This is from the book; "The Rosebraugh Family", by Harold Rosebraugh (Clayton Library- Houston, Tx)
The marriage of John Rosenbraugh to Elizabeth Smith took place August 5, 1599 Newcastle in Berwick parish, northern England. The Bambrough register contains the entry of the baptism on October 30, 1711, of Ann, the daughter of John Alexander Roxbrough. An entry in 1756 says John Roxbrough was a wittness to a marriage. At the present (time of book writing) there is a "Roseborough Farm" at Warenford in Northumberland County, Ireland.
About 350 years ago, King James VI of Scotland, who became King James of England, (the same king who authorized the "King James" version of the Bible);gave grants in Ulster, Province, Northern Ireland, to Col Samuel Roxbrugh and his two brothers, William and James. Col Samuel Roxbrugh was the first to go to Ireland in 1603. He came from the vicinity of Craigie near Kilmarnock in Ayrshire, and took up land granted to him in County Atrim. Much of the area consisted of bog and morass. Col. Samuel Roxbrugh found conditions so bad, that he returned to Scotland. The following year he returned with his brothers. William and James Roxbrugh settled in County, Fermanagh and some other part of Ulster, as well. James became the ancestor of the "Londonderry" and "Tyrone" Branch of the family.
Alexander Rosbrough emigrated to South Carolina in 1770. He is descended from Col Samuel Roxbrugh, of Antrim. He was the son of another Alexander, whose wife was Margaret Wallaw. He lived near Ballymena.
The three earliest known emigrants to the American colonies were; Rev. John Rosbrugh, his older brother; William, and their sister, Sarah. They are reported to have emigrated to the American Colonies in either 1735 or 1740. They were both descendants of William born in Scotland, where he left in 1720, and settled in Innes Killen, Ireland. They emigrated to America and settled in Dannville Independence, Township Parish, in Warren County, New Jersey.
Over 20,000 of the Ulster Scots were said to have been massacred in 1641. The house of James Roxbrugh, a son of Samuel, was attacked, and they were killed by a mob. They fought bravely but were overcome by overwhelming numbers. At the time this happened, James wife; Jane Glyn, was upstairs with a newly born baby. The maid was with her, and tried to hold the door. The mother and the maid were both murdered; but Jane had thrust the baby, John Roxbrugh far down under the bed clothes and he was not noticed. He was saved by the avenging Scot troops.
John Roxbrugh, grewup, and had a magnificent thoroughbred horse, bay in color. In 1690 , King James II of England, was over thrown and fled to Ireland where he began to raise an army. The king decided to posses the horse, John Roxbrugh, had sided with King William III, and refused to hand over the horse, until he was threatened with death. The soldiers attempted to take the horse, he kicked and bit savagely. They were ready to give up, when a servant girl, treacherously, tole them that the only way to get him was to go into the next stall. This was done, and King James, subsequently, rode the horse at the "Battle of Boyne" in July 1690. After his defeat, the King fled on horseback to Dublin. A couple of years later, King William III paid a visit to Ulster, where John Roxbrugh was known as a loyal Protestant. King William later returned the horse to it's rightful owner.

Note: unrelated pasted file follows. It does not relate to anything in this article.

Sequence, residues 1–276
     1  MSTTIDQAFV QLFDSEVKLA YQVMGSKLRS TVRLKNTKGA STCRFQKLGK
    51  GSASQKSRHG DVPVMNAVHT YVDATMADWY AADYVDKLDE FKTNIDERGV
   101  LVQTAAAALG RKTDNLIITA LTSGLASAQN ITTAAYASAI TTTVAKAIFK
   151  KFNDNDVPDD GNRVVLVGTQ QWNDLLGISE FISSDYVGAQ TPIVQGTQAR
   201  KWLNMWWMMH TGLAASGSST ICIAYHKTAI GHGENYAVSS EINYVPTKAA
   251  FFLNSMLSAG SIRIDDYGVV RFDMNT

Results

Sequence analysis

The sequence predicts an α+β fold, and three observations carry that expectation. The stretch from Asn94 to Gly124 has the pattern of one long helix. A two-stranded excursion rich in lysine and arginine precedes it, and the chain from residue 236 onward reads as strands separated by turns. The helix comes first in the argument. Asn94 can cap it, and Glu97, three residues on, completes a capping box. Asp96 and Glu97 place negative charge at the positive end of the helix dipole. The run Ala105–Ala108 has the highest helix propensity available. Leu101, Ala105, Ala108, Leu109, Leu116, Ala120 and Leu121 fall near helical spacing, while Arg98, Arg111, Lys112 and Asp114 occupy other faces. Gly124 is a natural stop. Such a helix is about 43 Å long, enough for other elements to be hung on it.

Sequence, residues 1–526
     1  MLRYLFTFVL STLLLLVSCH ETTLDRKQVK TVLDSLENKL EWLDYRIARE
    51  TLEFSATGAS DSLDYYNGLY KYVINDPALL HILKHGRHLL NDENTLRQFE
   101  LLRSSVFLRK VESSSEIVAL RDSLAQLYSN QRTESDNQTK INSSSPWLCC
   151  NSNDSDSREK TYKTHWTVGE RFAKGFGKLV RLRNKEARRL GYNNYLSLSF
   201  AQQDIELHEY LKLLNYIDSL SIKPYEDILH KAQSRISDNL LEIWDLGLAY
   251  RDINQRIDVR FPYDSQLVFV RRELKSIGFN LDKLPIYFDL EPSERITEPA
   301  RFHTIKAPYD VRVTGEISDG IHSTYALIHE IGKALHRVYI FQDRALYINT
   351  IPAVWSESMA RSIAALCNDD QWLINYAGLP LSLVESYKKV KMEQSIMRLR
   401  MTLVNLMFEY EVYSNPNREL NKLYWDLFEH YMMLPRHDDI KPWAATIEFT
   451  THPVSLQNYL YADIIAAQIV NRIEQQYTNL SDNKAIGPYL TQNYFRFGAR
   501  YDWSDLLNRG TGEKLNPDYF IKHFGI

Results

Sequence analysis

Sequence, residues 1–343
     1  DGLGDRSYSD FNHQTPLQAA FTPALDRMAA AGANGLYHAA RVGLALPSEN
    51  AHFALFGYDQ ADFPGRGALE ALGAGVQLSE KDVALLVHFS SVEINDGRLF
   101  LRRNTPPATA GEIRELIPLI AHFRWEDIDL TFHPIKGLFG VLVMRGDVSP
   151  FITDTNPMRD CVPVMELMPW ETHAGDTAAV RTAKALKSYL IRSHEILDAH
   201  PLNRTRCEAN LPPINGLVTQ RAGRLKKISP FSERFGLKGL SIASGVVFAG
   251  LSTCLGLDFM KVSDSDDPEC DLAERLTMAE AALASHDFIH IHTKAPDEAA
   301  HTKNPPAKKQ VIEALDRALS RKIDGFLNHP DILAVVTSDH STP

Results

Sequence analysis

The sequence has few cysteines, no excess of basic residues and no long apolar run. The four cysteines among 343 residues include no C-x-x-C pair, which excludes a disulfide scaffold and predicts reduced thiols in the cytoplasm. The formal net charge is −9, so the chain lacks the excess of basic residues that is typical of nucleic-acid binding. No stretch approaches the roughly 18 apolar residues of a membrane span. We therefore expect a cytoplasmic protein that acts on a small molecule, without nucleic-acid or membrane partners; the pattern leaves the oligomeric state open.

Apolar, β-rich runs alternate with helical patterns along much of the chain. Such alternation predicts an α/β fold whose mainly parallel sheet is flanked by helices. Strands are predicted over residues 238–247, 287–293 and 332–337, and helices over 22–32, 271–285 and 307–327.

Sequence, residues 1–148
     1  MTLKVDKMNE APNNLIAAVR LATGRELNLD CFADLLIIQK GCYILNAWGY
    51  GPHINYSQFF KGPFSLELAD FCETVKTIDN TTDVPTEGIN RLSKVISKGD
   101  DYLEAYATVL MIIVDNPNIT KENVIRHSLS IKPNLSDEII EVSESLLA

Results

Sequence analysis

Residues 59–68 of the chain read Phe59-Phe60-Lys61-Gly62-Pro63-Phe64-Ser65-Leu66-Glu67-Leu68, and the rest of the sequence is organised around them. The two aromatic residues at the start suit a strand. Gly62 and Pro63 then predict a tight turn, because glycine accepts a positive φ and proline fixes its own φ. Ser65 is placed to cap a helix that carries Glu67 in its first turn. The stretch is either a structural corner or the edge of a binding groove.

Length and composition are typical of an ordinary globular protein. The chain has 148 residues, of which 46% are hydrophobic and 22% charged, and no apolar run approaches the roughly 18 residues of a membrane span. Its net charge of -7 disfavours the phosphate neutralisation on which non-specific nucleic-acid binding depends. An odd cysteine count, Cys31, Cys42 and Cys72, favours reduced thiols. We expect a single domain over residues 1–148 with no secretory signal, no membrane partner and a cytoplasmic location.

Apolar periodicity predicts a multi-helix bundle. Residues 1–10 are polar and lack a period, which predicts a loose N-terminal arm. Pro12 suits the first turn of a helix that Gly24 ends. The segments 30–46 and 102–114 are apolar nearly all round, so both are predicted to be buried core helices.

The winter of 1739-40 was known as the year of the great frost in Ireland. This may be the factor that influenced the first" Roxbrughs" to come to America. It is not known just when the name of Roxbrugh or Roxburgh was changed to Rossborough, Rosbrugh or some other variations. It appears that the leter "S" was not used in Scotland, and may have been adopted after the family moved to Ireland.
Again in 1798 there was a rebellion by the native Irish, directed against the descendants of the Scots who had settled in Ulster (some had been there for nearly 200 years by then).
In 1798 William Rossborough, the g g g grandfather of Gordon Rossborough, (ancestor of Alexander of Tullypatrick in County Antrim), was seen as a a staunch loyalist. His home was visited by a band of rebels, who were bent on killing him, he was not at home, having gone out with his eldest son; James to join a force of loyalist at Ballymena, to attack the rebels. A younger son of William, and a groom were the only men at home to protect the womenfolk, consisting of the wife; Jennett, their three daughters, and several maid servants.
The younger son, William, barely out of his teens, and the groom were seized by the rebels They were stripped to the waist, and bound to the hall banisters, where they were beat with knotted ropes, until whey were bleeding and fainting from the pain and loss of blood. Shortly after the left; William and James returned, and found young William, and the groom unconscious, and covered with blood, still strapped to the banisters. His mother; and the other women hysterical were trying to untie the ropes.
Another time, the ruffians returned finding only the women folk. They had taken refuge at the head of the stairs, which they had barricated themselves with wardrobes, tables, and chairs. They had a open keg of pepper, and a garden syringe with them to defend themselves. They were ready to spray the pepper into the men's faces. However; the rebels, seeing there were only women above, left without attempting to molest them.